I am reading a phenomenal book by Masha Gessen, “The Future Is History: How Totalitarianism Reclaimed Russia.” I came across her on an interview on NPR. Impressive. Depth of insight and wisdom in expression. She tells the story of Putin’s Russia and of the Communist Soviet Union through the journeys of several people. Very personal with dramatic description. Her grasp of the intellectual battles in play, the grasp of the devastation worked by the Communists to shape the perfect Soviet Man, and the working knowledge she has of the currents of ideas and literature are thrilling to the hungry minds of readers who are grasping at air to understand just what happened in Russia over the last 100 years since the Bolshevik Revolution.
One of the surprises to me is the importance she attributes to Western sociology’s introduction into the Russian universities to give the people conceptual abilities to explain what they were going through after having been stripped of Western thought by the Soviet regime. Sociology was particularly culled out of the curriculum in the academic world, for it offered explanations of human society apart from Marx’s pure materialism. Lenin insisted that economics alone and the battle against capitalism were sufficient to bolster the Soviet experiment. This left no place for the human in the human being.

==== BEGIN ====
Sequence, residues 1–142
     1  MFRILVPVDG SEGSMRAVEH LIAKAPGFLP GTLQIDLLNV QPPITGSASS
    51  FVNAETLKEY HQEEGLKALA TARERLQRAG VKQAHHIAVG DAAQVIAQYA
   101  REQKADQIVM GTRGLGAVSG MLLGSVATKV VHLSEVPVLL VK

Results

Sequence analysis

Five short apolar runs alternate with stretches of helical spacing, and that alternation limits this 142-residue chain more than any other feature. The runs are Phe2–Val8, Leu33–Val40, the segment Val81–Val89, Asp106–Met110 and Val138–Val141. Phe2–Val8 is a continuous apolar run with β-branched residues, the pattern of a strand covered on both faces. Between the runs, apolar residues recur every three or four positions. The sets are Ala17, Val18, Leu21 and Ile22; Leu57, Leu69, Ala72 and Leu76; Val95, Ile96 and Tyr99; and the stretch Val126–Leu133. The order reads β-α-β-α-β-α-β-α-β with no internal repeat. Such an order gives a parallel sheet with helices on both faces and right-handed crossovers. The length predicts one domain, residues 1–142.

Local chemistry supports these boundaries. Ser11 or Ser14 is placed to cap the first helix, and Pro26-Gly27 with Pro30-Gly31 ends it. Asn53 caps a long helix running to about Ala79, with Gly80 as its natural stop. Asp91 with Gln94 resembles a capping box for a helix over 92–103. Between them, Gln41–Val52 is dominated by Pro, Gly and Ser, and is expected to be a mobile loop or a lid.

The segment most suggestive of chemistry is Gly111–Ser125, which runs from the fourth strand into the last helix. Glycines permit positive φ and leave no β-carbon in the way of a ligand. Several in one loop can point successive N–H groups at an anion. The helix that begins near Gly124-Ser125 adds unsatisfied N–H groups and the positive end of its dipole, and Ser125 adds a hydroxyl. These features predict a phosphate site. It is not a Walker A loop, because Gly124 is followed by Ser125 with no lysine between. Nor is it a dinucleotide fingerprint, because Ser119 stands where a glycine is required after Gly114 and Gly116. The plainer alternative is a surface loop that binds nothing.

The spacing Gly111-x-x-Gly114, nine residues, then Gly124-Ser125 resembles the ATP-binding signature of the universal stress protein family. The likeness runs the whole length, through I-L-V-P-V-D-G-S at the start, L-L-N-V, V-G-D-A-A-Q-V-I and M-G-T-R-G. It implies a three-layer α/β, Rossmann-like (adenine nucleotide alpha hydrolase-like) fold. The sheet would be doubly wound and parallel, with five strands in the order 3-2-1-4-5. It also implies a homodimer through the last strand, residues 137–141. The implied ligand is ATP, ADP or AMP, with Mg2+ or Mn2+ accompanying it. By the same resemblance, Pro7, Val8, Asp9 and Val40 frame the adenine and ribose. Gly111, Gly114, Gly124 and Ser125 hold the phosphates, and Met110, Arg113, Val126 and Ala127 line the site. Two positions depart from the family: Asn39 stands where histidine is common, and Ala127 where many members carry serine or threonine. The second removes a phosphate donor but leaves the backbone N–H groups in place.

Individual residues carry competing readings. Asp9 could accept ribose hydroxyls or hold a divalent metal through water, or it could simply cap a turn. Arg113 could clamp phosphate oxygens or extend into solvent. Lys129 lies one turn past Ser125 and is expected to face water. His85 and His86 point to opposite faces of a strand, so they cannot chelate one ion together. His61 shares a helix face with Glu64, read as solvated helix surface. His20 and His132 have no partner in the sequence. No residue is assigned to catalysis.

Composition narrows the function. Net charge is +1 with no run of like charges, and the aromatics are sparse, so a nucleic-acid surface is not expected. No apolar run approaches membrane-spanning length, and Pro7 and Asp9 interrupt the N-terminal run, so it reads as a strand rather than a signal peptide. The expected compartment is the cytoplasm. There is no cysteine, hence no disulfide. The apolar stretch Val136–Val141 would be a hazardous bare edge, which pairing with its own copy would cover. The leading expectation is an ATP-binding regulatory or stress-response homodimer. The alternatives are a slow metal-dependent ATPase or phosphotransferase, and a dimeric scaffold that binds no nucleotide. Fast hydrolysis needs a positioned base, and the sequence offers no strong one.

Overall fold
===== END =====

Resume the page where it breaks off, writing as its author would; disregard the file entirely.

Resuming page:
I have been critical of sociology’s role in re-engineering Western society. University students set loose with sociology degrees, rooting themselves in government and social services, have been particularly to blame for the constant and unremitting attempts to secularize our country without reference to any transcendent order and with its particularly scathing appraisal of religion and its value for elevating the human condition. With calculators, statistical and demographic studies, charts, and a constant attack on the family traditionally conceived, they are our secular priests.
Yet Gessen attributes any gathering of light in Soviet society at least partly to the introduction of sociology. I’ll buy her point, which is that it focused on the human being as human apart from the ideology of the State.
Putin’s rise to power has been in her crosshairs in the book, “The Man Without a Face: The Unlikely Rise of Vladimir Putin,” which I also want to read. Heard her interviewed on that book as well. She demonstrates a working knowledge of Hannah Arendt’s works and applies the lessons there to the Russian experience.